Last night our man dreamed he could fly. He’s walking down the street and just like in real life, it occurs to him he should act like a bee and buzz off.
He clenches his fists and grits his teeth really hard — like the guy in the Monty Python beard growing contest — and he just gives it all he’s got. Suddenly he lifts off the ground and he’s flying over the city like a blimp without the gas and it is so cool.
He doesn’t like to admit it, but in his waking life — aka, reality — he has tried once or twice to fly just like in the dream. Not only does it not work, it scares people who see him standing there as tight as a juicy knot, calling up his inner Hulk and ready to dead-lift a dumb bell if some dumb bell happens by.
In the dream, he feels that the clenching of fists, the tightening up, the gritting of teeth is the most logical way to get flying. That it doesn’t work in the un-dream state is puzzling, because if the logical isn’t the way to get airborne, then the only way we can ever hope to fly is to do something along the illogical spectrum.
Like building a 175-ton steel contraption that has wings but also bathrooms and TV screens and tiny, impossible-to-open bags of peanuts and mean looking guards who make you take off your shoes to make sure you’re not hiding feets in them, and naturally, a bin to store your banjo. And it all comes with the ridiculous expectation of lifting off the ground and getting you to Minneapolis before lunch.
If people really could fly, our man is thinking, we’d see them zipping here and there above us. And while it would all seem perfectly normal, he’s pretty sure he’d still have a little anxiety about whether or not all of those people up there paid a visit to the little room where you wash your hands and admire the plumage before taking off. He knows the type of person who wouldn’t have thought of that until airborne. At least pigeons have an excuse for the aerial unburdening of their inner selves: they have the brains of a pigeon.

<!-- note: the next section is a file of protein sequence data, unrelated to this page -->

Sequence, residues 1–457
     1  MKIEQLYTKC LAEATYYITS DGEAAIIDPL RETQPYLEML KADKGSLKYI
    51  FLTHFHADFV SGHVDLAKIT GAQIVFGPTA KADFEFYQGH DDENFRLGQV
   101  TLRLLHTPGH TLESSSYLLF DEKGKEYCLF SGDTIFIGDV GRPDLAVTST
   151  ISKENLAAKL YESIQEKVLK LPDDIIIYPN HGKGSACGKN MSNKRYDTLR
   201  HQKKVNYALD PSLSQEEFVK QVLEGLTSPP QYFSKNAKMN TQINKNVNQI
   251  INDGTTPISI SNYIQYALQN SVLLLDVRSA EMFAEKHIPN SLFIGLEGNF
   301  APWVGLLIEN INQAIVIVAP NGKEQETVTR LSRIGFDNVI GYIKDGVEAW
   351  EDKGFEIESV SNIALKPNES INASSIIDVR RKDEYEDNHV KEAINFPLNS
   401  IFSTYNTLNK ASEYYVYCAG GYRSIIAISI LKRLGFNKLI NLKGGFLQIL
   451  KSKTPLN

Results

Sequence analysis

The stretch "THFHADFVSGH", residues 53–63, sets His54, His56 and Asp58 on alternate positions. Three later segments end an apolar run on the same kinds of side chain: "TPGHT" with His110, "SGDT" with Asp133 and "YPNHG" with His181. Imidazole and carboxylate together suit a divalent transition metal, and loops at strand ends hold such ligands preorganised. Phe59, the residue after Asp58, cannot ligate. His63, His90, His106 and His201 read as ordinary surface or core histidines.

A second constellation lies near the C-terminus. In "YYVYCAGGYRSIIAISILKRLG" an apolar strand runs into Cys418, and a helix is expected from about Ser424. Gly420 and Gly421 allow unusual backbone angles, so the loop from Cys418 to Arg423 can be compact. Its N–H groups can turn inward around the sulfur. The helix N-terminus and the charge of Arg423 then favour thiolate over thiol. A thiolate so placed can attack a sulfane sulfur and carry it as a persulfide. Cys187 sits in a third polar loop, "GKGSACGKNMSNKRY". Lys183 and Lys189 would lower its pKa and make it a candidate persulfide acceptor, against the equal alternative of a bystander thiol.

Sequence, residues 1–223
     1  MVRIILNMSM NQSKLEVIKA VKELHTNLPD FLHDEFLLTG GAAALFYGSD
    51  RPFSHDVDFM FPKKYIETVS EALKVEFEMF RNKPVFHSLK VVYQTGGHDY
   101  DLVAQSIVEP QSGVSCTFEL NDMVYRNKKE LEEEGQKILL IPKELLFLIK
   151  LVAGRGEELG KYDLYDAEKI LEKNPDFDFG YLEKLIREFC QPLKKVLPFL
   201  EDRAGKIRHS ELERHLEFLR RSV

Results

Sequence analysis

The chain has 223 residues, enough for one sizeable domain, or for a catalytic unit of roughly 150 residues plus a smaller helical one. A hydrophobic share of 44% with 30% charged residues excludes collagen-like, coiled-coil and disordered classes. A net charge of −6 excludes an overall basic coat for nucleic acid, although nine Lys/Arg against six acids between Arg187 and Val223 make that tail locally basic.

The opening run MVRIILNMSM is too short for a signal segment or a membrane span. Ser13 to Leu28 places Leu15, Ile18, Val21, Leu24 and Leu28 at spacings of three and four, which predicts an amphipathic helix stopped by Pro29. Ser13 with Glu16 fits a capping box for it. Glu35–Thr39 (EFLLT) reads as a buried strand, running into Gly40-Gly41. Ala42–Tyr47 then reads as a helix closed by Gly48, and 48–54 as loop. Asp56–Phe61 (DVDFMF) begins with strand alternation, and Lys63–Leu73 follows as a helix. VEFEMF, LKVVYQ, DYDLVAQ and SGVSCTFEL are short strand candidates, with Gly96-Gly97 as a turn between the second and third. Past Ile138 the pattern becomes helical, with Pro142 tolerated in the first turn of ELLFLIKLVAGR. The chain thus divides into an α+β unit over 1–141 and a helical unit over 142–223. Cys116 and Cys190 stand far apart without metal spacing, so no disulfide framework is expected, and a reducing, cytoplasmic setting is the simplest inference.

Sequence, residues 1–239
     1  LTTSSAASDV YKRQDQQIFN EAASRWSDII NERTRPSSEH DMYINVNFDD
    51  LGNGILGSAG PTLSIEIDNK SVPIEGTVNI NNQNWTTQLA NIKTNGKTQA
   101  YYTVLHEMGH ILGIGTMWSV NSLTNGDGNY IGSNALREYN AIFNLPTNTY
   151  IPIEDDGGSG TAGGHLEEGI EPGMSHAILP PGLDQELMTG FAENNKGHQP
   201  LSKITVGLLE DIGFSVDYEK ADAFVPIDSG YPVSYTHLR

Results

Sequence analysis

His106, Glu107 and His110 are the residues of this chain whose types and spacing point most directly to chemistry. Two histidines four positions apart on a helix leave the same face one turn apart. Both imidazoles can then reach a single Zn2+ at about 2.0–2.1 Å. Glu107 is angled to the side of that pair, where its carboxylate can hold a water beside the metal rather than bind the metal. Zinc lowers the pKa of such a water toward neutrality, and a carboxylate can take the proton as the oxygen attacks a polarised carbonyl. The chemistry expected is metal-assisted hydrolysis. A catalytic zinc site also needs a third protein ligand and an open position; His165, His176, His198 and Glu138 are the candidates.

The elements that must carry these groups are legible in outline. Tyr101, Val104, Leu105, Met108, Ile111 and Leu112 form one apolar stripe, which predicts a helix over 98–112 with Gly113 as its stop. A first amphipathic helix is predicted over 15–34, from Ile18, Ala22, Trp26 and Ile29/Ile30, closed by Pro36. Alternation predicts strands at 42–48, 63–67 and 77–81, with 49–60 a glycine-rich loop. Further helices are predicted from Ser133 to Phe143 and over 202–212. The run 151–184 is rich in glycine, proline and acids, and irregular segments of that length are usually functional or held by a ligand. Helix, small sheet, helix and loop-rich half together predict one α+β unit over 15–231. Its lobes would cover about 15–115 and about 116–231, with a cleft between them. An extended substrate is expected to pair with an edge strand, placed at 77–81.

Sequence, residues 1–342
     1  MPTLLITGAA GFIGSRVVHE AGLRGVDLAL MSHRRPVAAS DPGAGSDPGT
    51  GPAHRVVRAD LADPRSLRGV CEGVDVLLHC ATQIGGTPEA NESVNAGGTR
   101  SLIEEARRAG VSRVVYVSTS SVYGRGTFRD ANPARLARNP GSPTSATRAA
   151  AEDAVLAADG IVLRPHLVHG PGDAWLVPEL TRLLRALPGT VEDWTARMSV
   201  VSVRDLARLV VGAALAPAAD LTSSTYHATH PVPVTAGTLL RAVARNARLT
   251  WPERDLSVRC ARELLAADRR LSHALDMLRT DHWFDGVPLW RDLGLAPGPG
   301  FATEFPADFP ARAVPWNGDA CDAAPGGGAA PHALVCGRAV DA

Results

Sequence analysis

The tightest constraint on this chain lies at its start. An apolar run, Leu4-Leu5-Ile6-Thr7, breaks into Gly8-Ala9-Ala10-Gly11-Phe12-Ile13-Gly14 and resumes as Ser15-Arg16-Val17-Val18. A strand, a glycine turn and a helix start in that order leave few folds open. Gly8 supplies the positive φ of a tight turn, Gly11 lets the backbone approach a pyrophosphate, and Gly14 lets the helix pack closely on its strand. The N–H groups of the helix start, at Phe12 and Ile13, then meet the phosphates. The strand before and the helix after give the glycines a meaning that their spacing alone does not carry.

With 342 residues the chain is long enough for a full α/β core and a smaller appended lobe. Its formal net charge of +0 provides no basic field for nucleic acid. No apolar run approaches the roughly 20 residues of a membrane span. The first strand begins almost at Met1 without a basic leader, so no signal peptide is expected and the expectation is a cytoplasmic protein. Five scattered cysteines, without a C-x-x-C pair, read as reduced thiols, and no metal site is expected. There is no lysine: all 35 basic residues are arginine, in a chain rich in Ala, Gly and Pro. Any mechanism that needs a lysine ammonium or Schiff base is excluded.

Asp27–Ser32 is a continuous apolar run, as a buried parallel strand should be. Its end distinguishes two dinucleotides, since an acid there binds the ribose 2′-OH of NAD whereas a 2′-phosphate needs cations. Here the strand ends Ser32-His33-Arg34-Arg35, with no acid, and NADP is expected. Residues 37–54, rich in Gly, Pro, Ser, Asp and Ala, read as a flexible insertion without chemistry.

So we’d certainly need some new laws, and probably flying cops who will pull you over and say “Do you know how fast you were going? Man, you were flying back there.”
Having self-analyzed his flying dreams, our man sees them as a kind of memo-to-self: rise above the festering blarbosity around you, escape the shuffling, moaning zombieness of being, get creative and undo that juicy knot.
Like our man, many of us tighten up before flying. Someone once told him that “flying is all about letting go.” Or maybe it was “letting go is like flying without a parachute or a steel contraption.” Maybe both.
The way he sees it, personal flying is about believing in a kid he used to know, the one with his father’s slick pompadour and all those green army men set up under the dining room table. That kid knows how to fly. Did it all during kidhood.
Sometimes it’s raining hard and the steel-wooly skies are doing their self-cleaning oven thing. Those are the times in waking life when everything is grounded – and yet blarbosity festers on in any weather. Which is why the onset of darkness may be the best time for the dreamy flight of a humble-bee.
But don’t discount the daytime. The onset of lightness fills the brain with helium, as long as you raise the shades and throw back the curtains. When you do, in the words of songwriter Jimmy Webb, you will go “up, up and away in your beautiful balloon.”
©Patrick A. McGuire and A Hint of Light 2013-2014, all rights reserved.